Optus or Foxtel by another name really need to improve their game - I am close to giving them away.

    I have the Platimum Optus package which gave me the mag as part of the deal and of course all the stations - I completely agree that flicking through a magazine is a better way to go for this many channels. I was a little miffed that I didn't get a discount off my package price when the mag finishes but was really annoyed that the onscreen guide has now removed the capacity to search by program title, meaning the only way to find a program you know is in there somewhere is to scroll through the stations until you find it. I can use an online service and while I am an ubergeek on most things, for this one area, I'd rather have a mag.

    Hi Guys,

    Well, just to give you an idea of my views, the following is an extract from a letter I recently sent to the management of Optus cable and the Board. Will be interesting to see if any of these people actually see the letter, let alone take any notice of it!! No response yet !!

    " 7. Finally, but not least in my list of whines, I am now losing my station guide! What quong-nong came up with this beauty ? Especially after Optus introduces umpteen additional channels to get confused with !!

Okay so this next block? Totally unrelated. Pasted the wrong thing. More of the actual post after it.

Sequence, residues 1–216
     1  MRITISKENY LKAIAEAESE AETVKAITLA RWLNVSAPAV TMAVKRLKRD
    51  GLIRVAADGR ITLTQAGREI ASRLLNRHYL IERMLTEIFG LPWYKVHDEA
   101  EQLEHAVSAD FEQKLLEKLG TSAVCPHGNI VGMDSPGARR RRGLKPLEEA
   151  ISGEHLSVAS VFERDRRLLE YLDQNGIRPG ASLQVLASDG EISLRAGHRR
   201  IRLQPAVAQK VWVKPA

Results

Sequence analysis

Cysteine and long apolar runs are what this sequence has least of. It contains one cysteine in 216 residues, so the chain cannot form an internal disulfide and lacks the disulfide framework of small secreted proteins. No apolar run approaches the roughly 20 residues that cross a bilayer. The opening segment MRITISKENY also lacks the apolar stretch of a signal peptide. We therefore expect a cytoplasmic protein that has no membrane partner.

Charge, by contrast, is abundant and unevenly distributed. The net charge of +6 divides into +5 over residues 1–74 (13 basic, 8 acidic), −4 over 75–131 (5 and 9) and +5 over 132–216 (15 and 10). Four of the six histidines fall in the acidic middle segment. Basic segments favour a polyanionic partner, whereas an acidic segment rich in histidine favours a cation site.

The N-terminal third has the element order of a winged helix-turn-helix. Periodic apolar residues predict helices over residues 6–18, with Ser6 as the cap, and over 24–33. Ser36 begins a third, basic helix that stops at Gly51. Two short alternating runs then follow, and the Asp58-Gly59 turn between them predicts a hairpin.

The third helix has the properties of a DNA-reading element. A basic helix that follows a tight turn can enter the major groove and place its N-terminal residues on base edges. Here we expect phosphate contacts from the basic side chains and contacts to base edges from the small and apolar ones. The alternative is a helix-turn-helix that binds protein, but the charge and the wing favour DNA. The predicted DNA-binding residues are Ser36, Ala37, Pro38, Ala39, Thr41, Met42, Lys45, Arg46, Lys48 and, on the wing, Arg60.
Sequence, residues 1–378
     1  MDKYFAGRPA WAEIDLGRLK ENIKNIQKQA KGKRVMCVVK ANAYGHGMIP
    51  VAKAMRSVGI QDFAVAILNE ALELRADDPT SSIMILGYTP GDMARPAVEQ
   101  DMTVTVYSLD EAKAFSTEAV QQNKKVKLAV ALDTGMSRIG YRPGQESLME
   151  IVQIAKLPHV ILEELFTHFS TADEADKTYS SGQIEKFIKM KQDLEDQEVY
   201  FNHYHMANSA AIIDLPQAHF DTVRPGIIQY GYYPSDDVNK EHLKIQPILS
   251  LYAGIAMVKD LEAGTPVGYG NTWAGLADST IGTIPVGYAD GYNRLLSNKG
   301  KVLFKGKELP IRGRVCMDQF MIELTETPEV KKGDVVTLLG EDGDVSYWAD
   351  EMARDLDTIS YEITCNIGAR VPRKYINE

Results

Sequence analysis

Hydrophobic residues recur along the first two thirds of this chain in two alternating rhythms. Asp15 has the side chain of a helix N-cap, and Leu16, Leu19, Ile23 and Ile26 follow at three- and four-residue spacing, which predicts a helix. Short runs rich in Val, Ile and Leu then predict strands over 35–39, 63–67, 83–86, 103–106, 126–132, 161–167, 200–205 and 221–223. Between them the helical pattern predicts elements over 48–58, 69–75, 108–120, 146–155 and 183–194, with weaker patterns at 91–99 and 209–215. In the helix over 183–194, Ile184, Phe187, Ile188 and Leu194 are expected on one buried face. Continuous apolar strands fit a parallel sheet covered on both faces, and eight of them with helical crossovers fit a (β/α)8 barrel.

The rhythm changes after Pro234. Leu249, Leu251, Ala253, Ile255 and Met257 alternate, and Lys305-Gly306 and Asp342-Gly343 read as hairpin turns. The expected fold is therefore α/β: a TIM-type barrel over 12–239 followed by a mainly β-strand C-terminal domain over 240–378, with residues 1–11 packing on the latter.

Just so you understand what an average viewer really wants:

    • Some viewers often like to know in advance what’s going to be on the set so they can try to be at home to watch a certain show.

    • A lot of people do not have a laptop or computer sitting in their loungeroom and it is far easier to scan a few pages of a viewing guide than it is to plow through screen after screen of EPG and internet channel information. I think that is why commercial TV guides are still made available free in newspapers and sold as magazines.

    By the way, do you realise how convoluted your website and EPG processes are?

    One cannot even print out a daily, all stations guide on your website, even if one has the computer and equipment and actually understands how to do it.

    • We are an ageing population with many viewers not familiar, with EPGs and modern technology and even if they are, the EPG only advances for one week and one has to scroll through multiple slow loading screens to try and find what might or might not be on. The only real benefit of the EPG is, that it does provide a programme synopsis and reasonably accurate programme times – other than that it really is tedious to use.